John Duda Timeline

  • Antoine Lavoisier

    ( )A French nobleman who named the elements carbon, hydrogen and oxygen and discovered oxygen’s role in combustion and respiration; established that water is a compound of hydrogen and oxygen; discovered that sulfur is an element and helped continue the transformation of chemistry from a qualitative science into a quantitative one.
  • Joseph Louis Proist

    ( He first published his Law of Definite Proportions (or Law of Constant Composition) in 1794. This law states that a compound is composed of exact proportions of elements by mass regardless of how the compound was created. For example, to make water there is a specific ratio of grams of hydrogen to grams of oxygen regardless of where your sample of water was found. All water has this particular proportion.
  • John Dalton

    ( )He identified the hereditary nature of red-green color blindness. In 1803 he revealed the concept of Dalton’s Law of Partial Pressures. Dalton's fascination with gases gradually led him to formally assert that every form of matter (whether solid, liquid or gas) was also made up of small individual particles.
  • Michael Faraday

    Faraday found electromagnetismAn English scientist who contributed to the fields of electromagnetism and electrochemistry. As a scientist his main discoveries include electromagnetic induction, diamagnetism and electrolysis.
  • Henri Bequerel

    ( He researched the newly discovered X-rays it led to studies of how uranium salts are influenced by light. By accident, he discovered that the uranium salts spontaneously emitted a penetrating radiation that could be registered on a photographic plate. Further studies made it clear that this radiation was something new - not the same type as X-rays. He had discovered a new phenomenon - radioactivity.
  • J.J . Thomson

    J.J, Thomson presented a hypotheses that cathode rays are charged particles in 1897. Thomson proposed a model, sometimes called the "plum pudding" or "raisin cake" model, in which thousands of tiny, negatively charged corpuscles swarm inside a sort of cloud of massless positive charge. This theory was struck down by Thomson's own former student, Ernest Rutherford. Using a different kind of particle.Cathode rays are charged particle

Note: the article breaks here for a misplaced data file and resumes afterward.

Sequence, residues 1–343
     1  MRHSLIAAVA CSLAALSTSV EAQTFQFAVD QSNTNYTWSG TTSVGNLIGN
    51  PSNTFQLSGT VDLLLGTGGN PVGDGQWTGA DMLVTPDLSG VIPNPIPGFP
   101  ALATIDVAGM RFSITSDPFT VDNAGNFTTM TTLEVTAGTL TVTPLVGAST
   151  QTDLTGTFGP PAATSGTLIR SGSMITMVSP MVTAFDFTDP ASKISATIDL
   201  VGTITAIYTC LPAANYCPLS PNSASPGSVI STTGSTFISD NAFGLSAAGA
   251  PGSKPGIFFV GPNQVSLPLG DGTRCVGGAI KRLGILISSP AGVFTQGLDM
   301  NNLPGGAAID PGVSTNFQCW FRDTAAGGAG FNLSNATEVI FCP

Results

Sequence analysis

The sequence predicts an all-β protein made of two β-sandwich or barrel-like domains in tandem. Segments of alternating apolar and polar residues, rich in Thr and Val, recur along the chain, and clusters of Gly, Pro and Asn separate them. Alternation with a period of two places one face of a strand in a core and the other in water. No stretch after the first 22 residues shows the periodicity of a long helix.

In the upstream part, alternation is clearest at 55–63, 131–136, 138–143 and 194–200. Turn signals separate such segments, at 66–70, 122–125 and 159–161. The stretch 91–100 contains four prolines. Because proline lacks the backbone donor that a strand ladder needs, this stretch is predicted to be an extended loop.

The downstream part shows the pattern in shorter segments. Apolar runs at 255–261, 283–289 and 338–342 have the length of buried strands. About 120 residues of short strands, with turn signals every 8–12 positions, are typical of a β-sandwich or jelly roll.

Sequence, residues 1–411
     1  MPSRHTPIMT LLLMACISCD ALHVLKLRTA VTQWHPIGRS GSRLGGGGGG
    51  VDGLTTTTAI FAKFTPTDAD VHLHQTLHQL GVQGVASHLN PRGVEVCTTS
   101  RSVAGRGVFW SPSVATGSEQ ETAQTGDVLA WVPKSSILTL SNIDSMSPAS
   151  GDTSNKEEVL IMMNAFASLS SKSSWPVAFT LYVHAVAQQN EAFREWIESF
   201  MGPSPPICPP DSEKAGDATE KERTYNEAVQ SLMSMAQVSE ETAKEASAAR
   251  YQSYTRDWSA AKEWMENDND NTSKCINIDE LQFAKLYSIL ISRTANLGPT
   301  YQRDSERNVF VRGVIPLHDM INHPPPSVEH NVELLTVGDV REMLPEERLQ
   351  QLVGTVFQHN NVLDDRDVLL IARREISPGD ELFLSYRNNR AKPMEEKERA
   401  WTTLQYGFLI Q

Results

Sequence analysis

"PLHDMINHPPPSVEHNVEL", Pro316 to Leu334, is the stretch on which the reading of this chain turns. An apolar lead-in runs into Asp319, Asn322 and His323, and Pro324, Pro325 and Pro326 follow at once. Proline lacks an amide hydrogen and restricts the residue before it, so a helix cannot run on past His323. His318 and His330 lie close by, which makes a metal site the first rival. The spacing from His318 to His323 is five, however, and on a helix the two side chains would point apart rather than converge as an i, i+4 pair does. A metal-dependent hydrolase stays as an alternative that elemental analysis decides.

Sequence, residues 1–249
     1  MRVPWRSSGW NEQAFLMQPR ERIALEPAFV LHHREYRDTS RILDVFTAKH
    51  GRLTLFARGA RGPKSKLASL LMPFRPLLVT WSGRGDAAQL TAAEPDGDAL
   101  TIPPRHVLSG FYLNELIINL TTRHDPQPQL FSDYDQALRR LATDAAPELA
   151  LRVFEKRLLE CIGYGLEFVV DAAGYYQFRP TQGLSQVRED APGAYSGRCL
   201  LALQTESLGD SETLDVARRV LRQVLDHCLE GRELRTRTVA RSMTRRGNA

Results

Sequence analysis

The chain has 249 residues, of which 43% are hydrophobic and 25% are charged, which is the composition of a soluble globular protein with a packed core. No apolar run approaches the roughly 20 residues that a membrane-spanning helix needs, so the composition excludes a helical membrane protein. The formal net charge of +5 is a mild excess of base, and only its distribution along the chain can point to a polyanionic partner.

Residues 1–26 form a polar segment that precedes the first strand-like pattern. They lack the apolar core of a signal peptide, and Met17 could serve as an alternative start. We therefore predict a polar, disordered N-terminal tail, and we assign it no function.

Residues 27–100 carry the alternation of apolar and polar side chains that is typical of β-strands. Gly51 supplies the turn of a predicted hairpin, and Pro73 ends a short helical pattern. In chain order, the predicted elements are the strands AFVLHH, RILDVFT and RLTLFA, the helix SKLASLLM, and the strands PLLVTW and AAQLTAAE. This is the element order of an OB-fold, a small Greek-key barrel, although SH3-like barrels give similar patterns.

• Max Planct

    ( Planck made many contributions to theoretical physics, but his fame rests primarily on his role as originator of the quantum theory. This theory revolutionized our understanding of atomic and subatomic processes. he made the famous discovery that in 1918 won him the Nobel Prize for Physics and that brought him many other honors.
  • marie curie

    ( She opened up the science of radioactivity. She is best known as the discoverer of the radioactive elements polonium and radium and as the first person to win two Nobel prizes. For scientists and the public, her radium was a key to a basic change in our understanding of matter and energy. Her work not only influenced the development of fundamental science but also ushered in a new era in medical research and treatment.
  • Robert Milikan

    ( Robert Millikan measured the charge on an electron with the apparatus shown below. In these experiments, the atomizer from a perfume bottle was used to spray water or oil droplets into a sample chamber. Some of these droplets fell through a pinhole between two plates of an electric field, where they could be observed through a microscope.